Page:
Luddites, get ready for a change that’s beyond your control. It’s been reported (Side-Line.com) that by the end of 2012 the precious CD format will no longer be supported by the major labels, which includes EMI, Universal, Sony, etc.
After reading this, please leave a comment at the bottom of the page and tell us what you think about this move. If you feel so inclined, tell us what your favorite format is/was.
While I don’t necessarily agree with the move, I have to commend those sleeping giants for finally waking up to the 21st century. It’s been a slow death and the labels had to practically be bludgeoned to a bloody mess before realizing that they will never regain the market of tangible music property. Have you walked into a Best Buy lately? The area once occupied by stacks upon stacks of CD isles is now home to dishwashers and fridges. The CD isle has been relegated to one row in the back corner of the store.
You’ll Be Missed CD Format
Why don’t I wholeheartedly agree with the move? First, I like my fetish property and it’s kind of like my porn. And I like liner notes and the smell of the ink and the pictures and the lyrics and the thank yous. I’m sure all that won’t entirely disappear as it’s bound to end up being part of the album download. Second reason is that the sound quality isn’t as good. Sure, you don’t have to opt for the most compressed version, but there are only two channels no matter what size the file is that you download. This should be rectified before the shift away from CDs is finalized.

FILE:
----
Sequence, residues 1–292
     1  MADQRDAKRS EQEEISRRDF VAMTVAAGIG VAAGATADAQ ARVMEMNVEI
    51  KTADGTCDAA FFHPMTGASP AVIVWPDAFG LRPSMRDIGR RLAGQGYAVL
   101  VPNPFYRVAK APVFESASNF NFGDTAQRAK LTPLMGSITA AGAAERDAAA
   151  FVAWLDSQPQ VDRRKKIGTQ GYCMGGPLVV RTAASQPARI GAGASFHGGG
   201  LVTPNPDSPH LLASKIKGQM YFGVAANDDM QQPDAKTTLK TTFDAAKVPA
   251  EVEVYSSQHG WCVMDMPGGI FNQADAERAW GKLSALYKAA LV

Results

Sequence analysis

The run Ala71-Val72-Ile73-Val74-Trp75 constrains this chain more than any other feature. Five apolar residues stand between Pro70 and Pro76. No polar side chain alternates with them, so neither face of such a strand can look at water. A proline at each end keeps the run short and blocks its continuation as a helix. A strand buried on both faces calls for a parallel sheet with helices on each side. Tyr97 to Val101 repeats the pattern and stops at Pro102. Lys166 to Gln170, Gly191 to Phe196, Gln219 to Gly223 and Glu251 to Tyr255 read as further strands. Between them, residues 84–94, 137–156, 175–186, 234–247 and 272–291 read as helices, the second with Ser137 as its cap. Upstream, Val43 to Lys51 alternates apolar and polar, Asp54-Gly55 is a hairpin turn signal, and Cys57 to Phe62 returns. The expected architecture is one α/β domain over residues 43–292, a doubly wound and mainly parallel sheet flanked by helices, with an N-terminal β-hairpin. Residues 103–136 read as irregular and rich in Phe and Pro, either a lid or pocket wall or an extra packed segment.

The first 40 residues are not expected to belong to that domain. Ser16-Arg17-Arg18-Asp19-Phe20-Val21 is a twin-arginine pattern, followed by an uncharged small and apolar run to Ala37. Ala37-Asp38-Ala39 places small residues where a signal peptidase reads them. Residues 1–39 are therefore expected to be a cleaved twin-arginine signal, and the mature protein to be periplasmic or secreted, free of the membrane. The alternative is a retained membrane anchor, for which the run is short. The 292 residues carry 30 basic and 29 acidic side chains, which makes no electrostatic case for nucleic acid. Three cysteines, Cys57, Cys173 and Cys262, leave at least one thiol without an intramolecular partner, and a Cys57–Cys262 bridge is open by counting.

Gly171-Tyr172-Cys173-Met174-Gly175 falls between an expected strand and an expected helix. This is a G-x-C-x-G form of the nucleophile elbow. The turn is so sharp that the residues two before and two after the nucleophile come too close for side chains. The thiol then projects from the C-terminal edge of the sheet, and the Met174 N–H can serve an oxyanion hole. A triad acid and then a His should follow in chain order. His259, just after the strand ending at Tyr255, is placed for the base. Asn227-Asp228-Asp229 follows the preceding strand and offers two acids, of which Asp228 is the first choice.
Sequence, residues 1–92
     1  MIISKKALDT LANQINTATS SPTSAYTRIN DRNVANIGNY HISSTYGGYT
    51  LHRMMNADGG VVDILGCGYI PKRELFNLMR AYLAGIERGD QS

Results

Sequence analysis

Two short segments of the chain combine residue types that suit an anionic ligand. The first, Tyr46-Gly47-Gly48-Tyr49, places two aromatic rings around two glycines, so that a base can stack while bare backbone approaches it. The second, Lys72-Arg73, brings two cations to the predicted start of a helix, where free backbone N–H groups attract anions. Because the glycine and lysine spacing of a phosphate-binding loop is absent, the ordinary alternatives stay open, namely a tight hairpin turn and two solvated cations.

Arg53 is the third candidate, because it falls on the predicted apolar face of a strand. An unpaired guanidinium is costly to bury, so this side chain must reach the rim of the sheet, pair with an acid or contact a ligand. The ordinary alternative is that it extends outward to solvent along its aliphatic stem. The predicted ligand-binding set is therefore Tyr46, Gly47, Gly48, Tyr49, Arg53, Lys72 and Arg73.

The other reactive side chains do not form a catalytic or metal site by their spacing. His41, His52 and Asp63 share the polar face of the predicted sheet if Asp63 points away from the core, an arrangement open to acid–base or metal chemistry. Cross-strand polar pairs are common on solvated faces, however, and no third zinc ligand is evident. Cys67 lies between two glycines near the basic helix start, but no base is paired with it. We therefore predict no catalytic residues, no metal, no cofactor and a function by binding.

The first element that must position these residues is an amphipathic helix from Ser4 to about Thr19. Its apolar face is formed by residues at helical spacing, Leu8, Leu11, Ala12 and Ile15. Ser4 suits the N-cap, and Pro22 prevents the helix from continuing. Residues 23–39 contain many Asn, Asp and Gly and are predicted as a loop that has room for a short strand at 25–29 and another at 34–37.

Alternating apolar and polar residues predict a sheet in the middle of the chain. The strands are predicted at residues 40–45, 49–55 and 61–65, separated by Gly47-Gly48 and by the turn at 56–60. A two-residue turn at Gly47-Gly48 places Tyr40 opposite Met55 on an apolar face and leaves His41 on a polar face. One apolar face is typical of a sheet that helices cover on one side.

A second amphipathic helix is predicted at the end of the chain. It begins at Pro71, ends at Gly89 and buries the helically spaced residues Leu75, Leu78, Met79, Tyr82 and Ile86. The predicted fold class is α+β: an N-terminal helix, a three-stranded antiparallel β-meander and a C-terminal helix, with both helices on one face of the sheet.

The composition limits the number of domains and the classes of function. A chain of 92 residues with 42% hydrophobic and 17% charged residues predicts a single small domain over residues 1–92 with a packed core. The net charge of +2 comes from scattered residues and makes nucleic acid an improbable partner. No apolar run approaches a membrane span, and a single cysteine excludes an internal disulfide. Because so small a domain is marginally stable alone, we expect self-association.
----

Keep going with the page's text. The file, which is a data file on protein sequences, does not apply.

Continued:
The Future of the CD Format
But, CDs won’t disappear entirely. Apparently, special editions and releases will be made available on CD and to be sold on Amazon. Wonder if that means we’ll see an increase in the number of special releases — the baby boomers have to be able to acquire music somehow. Actually, come to think of it, what about those genres that aren’t necessarily popular (i.e., selling) in the digital format? Some of the crooners from the Sinatra era, for example. Those in the 70-plus demographic can hardly get their e-mail to work, let alone iTunes. Can you see all those retired folks flocking to used record stores? Seriously, the Apple store will take on an entirely different form of customer service.
Speaking of Apple… just likekilled the radio star, Apple killed the CD.
Also, it’s probably safe to assume, especially since it’s only been reported that the major labels are abandoning the CD format, that smaller, independant labels will continue to push the CD format. This bodes well for a lot of what we cover here at .
No CD Format Means Saved Money
It’s true, but you won’t be saving money. The assholes who too quickly accepted the buck-a-song template have already established the price point, and it ain’t going down. The labels will have less overhead with no physical product to produce and no distributor payback and should, thus, save money. But they won’t transfer those savings onto you. They’ll be anxious to line their pockets recouping all that lost revenue over the last few years. They might also spend a bit more on artist promotion, and let’s hope they’ll take the time to develop artists over time instead of rushing for a one-hit wonder and dumping the young hopeful.
While it’ll still likely be many years before the CD format disappears completely, the major labels have definitely set the big ball rolling. We’ll miss you CD and quality sound. Who knows, maybe this will give rise to a proper vinyl comeback (which I support, unlike Harshcore, who wrote the vinyl article I’ve linked up to).